A subsidy of 2.5 million euros from the Ministry of Education, Culture and Science and the Ministry of Foreign Affairs, made it possible for NIMAR that was managed by Radboud University from 2006 to 2015 to make a new start. The Institute is now part of the Leiden Faculty of Humanities, but, as all the speakers stressed, it is open to all students at Dutch academic or applied sciences universities.
Agreement with the Université Mohammed V
While in Rabat, Stolker and Aboutaleb also met Moroccan students and researchers at the Université Mohammed V, a close partner of Leiden University for more than thirty years. On 2 March Stolker signed an agreement with this university to strengthen the collaboration across different domains, including Museum Studies and African Studies.
Exhibition on Morocco through Dutch eyes
The Moroccan university will be hosting the exhibition 'Morocco through Dutch eyes' that focuses on the centuries-old relationship between the two countries. The exhibition, was opened in Rabat on 2 March by its creator, Herman Obdeijn, Leiden historian and former educational attaché in Rabat.
Lessons from Moroccan lecturers
NIMAR currently offers two minors: besides Arabic, there is also the English-language minor ‘Culture and Society in Morocco’. The lectures are mainly given by scientists and guest lecturers from Morocco, including journalists and artists. The students also conduct fieldwork in an oasis to the south of Morocco.
In academic terms, the Institute aims to promote collaboration, not only between the two countries, but also worldwide, among different researchers. NIMAR is already intensifying the existing relationships and stimulating new projects. In 2018, for example, a conference will take place on the comparison between Islam and society in Morocco and in Indonesia, and researchers from both countries come together at NIMAR.
Responsibility towards society
Besides facilitating teaching and research, NIMAR also has a responsibility towards society. The Institute organises study trips aimed at allowing diverse groups of people to get to know Morocco and the different forms of Islam that exist side by side in an atmosphere of mutual respect. There are tailor-made programmes for professionals from societal organisations and participants with diverse religious and secular backgrounds.
Joint chairmanship of the Global Forum for Counterterrorism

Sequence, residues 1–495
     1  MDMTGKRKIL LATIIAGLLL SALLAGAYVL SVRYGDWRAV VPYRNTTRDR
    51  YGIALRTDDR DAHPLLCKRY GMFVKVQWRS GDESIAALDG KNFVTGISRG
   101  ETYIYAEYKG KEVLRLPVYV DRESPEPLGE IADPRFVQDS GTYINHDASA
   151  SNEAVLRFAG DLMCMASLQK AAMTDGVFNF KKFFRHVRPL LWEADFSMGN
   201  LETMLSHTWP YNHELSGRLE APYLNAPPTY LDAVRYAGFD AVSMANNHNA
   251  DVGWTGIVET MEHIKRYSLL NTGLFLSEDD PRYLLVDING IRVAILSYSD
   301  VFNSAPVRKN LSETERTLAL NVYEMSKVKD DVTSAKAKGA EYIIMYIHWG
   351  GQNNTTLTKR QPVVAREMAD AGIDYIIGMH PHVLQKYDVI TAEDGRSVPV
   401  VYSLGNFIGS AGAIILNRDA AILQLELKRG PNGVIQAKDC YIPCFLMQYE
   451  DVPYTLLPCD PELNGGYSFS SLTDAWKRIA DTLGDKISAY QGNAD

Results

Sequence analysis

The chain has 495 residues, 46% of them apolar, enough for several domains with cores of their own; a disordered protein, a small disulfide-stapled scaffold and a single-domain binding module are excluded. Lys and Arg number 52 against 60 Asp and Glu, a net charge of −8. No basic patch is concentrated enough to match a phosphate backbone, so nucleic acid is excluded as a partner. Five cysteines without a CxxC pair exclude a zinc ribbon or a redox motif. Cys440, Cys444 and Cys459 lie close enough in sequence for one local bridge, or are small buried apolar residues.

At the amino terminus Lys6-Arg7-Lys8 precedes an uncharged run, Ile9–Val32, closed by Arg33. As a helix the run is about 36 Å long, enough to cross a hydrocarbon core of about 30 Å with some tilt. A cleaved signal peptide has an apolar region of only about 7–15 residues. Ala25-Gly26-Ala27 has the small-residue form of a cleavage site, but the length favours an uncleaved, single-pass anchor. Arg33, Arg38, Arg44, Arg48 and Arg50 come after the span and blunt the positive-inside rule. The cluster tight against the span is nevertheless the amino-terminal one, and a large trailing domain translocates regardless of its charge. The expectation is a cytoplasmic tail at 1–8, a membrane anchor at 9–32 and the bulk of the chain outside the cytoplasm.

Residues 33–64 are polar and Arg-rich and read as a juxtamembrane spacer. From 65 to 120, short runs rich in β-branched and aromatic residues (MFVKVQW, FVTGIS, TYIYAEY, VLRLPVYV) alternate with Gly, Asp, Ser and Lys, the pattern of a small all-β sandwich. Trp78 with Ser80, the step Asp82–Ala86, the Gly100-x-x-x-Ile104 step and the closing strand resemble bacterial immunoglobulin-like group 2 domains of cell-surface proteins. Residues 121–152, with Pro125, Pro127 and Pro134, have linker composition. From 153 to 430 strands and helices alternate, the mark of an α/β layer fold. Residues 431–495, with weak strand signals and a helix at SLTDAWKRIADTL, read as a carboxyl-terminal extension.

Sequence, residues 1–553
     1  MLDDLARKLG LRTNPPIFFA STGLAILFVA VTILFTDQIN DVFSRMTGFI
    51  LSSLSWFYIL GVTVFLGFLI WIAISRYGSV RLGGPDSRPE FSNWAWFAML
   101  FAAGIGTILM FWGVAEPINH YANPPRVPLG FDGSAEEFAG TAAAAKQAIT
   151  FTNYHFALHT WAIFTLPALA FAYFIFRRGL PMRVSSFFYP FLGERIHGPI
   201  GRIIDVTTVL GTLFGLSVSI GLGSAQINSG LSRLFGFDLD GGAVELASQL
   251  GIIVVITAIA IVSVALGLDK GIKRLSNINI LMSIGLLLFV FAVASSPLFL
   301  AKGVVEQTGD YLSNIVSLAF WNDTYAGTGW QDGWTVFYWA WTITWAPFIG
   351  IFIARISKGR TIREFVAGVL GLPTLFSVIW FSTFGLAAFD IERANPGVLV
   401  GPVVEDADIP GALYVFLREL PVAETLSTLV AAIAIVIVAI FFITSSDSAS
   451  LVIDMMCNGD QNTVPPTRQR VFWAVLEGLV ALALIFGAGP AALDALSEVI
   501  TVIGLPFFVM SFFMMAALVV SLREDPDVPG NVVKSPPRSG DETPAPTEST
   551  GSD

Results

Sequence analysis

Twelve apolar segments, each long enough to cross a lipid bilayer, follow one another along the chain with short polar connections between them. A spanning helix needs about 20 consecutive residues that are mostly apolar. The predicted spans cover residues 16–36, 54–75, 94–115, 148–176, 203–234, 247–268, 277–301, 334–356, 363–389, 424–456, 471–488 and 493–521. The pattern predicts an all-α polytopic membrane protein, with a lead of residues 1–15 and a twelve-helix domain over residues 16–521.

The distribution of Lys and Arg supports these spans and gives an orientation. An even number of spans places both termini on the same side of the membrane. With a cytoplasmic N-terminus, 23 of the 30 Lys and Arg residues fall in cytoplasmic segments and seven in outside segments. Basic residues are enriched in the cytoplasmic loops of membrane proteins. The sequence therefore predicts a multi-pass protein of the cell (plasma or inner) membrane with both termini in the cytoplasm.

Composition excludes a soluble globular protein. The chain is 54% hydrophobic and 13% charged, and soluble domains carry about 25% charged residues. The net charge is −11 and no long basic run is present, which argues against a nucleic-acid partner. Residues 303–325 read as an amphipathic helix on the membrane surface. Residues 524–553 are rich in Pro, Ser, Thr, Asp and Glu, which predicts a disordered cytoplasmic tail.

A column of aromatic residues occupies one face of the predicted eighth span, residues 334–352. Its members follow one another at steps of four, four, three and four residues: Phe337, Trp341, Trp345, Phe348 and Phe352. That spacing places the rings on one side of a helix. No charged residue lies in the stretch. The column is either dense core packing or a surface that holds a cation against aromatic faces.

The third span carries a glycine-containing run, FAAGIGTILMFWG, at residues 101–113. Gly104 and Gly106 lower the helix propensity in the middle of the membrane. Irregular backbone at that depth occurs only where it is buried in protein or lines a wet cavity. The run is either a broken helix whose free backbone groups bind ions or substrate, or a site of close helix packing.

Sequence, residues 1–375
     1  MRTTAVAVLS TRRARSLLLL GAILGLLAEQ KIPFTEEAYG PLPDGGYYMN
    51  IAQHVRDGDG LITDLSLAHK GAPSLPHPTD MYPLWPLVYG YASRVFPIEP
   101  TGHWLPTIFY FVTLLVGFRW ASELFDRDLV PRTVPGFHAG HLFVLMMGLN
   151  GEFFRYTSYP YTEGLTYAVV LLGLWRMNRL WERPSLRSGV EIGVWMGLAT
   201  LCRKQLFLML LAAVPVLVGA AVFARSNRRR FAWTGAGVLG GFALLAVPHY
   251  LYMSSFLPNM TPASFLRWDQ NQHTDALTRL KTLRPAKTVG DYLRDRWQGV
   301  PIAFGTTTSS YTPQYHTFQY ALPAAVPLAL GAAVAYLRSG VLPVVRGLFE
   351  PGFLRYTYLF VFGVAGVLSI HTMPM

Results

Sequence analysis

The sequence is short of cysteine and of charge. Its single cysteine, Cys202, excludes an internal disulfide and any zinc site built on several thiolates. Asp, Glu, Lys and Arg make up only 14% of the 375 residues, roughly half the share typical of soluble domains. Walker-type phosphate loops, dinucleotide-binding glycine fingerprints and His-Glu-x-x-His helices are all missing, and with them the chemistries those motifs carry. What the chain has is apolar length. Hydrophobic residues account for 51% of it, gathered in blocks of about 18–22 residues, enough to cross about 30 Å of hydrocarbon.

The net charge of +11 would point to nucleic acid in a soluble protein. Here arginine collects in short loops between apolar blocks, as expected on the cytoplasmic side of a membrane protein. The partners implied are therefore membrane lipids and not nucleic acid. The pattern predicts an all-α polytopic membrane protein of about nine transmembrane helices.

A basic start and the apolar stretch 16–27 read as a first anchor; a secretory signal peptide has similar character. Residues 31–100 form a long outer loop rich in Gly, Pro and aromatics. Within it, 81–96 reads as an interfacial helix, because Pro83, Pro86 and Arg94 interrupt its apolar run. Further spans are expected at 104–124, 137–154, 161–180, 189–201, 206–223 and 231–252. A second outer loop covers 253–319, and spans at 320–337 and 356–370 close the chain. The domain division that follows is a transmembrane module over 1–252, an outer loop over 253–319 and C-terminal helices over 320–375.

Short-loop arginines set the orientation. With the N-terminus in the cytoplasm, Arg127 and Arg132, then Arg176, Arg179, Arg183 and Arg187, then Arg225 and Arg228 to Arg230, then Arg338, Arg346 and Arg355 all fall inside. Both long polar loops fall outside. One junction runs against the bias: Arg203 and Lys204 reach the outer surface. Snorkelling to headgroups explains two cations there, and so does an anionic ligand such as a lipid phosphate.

The Netherlands and Morocco hold joint chairmanship of the Global Forum for Counterterrorism (CCTF). In this context, NIMAR will be organising meetings on terrorism and counterterrorism in collaboration with institutions in the Netherlands and Morocco.
Peace, security and sustainability
During the visit, Bussemaker also talked with other senior staff at Leiden University, including Professor Wim van den Doel (until 1 March Dean of Humanities) and Chief Librarian Kurt de Belder. They talked about the international cultural policies of the Netherlands and Morocco, where the key focus will be on projects in the cultural and creative sector that contribute to peace, security and sustainability. The projects will be carried out in collaboration with Dutch professionals and institutions from the cultural and creative sector.
In the coming years, NIMAR will add to Leiden University's library collection on Morocco, North-West Africa and Islam. NIMAR director Buskens: 'We want to make the cultural and scientific products on Morocco accessible. A large proportion of the scientific publications are difficult to access and have not yet been digitised. We're also going to extend our collection of magazines, newspapers, music and films.' The work will be carried out in cooperation with the library of the Africa Studies Centre Leiden, which has been part of Leiden University since January 2016.
The University library already holds a rich collection of Arabic and Berber manuscripts. Research in Leiden is often further broken down into specific subjects. Leiden University is the only Dutch university with a chair in Berber Studies, for example.